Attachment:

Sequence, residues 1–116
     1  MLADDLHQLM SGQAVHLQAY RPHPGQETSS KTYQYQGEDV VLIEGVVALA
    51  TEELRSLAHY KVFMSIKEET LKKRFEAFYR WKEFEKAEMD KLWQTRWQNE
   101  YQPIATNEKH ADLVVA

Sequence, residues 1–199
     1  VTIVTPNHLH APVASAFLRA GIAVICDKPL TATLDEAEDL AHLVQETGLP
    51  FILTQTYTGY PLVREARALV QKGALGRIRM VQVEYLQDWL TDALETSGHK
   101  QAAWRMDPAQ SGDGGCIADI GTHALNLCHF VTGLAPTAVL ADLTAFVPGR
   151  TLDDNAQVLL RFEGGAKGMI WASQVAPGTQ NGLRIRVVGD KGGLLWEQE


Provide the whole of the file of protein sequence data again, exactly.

Sequence, residues 1–116
     1  MLADDLHQLM SGQAVHLQAY RPHPGQETSS KTYQYQGEDV VLIEGVVALA
    51  TEELRSLAHY KVFMSIKEET LKKRFEAFYR WKEFEKAEMD KLWQTRWQNE
   101  YQPIATNEKH ADLVVA

Sequence, residues 1–199
     1  VTIVTPNHLH APVASAFLRA GIAVICDKPL TATLDEAEDL AHLVQETGLP
    51  FILTQTYTGY PLVREARALV QKGALGRIRM VQVEYLQDWL TDALETSGHK
   101  QAAWRMDPAQ SGDGGCIADI GTHALNLCHF VTGLAPTAVL ADLTAFVPGR
   151  TLDDNAQVLL RFEGGAKGMI WASQVAPGTQ NGLRIRVVGD KGGLLWEQE